Take home message: Our IT security infrastructure is an essential tool for facilitating compliance with all U-M’s information related obligations. It is critical that everyone understands and complies with all of U-M’s IT policies, especially the SPG on Information Security, and any recommendations or directives related to IT security issued at their local level; because compliance with privacy, access, copyright, preservation and other information management laws is predicated on compliance with our internal IT security protocols.
- The Standard Practice Guide on Information Security (SPG 601.27) sets out U-M’s strategies and responsibilities for protecting the confidentiality, integrity and availability of information assets within the University environment. U-M’s efforts in IT security are coordinated through the IT Security Program (requires login).
- The Office of Information and Infrastructure Assurance (IIA), a part of Information and Technology Services, lead our university-wide efforts in the areas of information security, privacy, IT policy and enterprise continuity, in partnership with all U-M campuses and the Health System. The University IIA Council develops IT policies and has primary responsibility for ensuring that U-M’s policies and practices provide effective safeguards for securing our information and data.
- The Sensitive Data Guide will help you make informed decisions about where to safely store and share sensitive data. Guidance provided on the Sensitive Data Guide applies only to those on the U-M Ann Arbor campus.
- IT security is one of the major means through which U-M ensures compliance with all its obligations related to its digitally stored information. For example, our IT infrastructure and security systems operationally facilitate and support U-M’s compliance with privacy laws (like HIPAA and FERPA), identity theft and social security number protection, copyright laws, access laws like FOIA, and preservation laws.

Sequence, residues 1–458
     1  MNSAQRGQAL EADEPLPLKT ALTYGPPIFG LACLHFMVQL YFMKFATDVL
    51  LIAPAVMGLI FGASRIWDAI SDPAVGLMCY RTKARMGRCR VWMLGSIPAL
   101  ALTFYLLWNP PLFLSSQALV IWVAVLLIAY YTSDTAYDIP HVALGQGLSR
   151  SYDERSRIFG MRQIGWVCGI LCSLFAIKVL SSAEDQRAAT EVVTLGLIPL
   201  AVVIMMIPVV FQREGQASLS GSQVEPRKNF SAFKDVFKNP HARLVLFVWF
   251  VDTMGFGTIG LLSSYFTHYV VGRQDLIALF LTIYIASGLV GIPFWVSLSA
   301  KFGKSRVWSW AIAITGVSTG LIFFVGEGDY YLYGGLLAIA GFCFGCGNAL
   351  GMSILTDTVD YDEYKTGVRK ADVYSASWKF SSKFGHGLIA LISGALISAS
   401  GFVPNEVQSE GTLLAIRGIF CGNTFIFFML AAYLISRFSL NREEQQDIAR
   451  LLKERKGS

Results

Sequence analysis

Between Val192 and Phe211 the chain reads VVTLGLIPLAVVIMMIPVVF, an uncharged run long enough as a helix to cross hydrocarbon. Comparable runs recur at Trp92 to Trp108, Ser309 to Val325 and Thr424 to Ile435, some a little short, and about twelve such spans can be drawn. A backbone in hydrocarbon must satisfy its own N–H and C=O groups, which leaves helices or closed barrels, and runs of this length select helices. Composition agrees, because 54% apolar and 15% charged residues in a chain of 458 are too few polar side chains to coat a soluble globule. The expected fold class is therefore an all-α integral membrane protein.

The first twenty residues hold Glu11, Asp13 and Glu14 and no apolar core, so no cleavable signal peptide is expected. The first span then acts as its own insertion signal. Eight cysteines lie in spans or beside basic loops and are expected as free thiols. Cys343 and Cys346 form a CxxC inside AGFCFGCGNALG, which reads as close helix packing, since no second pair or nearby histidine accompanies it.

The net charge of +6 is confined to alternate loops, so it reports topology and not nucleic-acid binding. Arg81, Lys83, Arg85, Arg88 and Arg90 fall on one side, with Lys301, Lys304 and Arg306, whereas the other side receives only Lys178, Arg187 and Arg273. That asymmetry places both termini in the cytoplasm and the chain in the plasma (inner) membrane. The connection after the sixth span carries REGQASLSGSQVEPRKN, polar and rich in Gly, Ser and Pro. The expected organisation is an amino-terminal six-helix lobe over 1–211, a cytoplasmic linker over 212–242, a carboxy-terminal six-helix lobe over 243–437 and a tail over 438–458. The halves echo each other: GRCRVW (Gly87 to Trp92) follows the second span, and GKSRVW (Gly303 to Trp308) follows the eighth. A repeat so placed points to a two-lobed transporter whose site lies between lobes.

- A summary of the laws that require security measures to be applied around various categories of information is maintained by Information and Infrastructure Assurance in their Security Compliance Overview (requires login), which includes a compliance table, listing the major laws and responsible contacts, and examples of what constitutes sensitive data.
- Any IT security incident or breach must be dealt with in accordance with the Standard Practice Guide on Information Security Incident Reporting (SPG 601.25). To report a breach of IT security or other IT security incident, follow the reporting process set out on the Safe Computing site, which includes information for the first 10 minutes and first 24 hours. The types of incidents that you should report include: unauthorized exposure of private personal information (which may lead to identity theft or misrepresentation); computer break-ins and other unauthorized use of U-M systems or data; unauthorized changes to computers or software; and equipment theft or loss.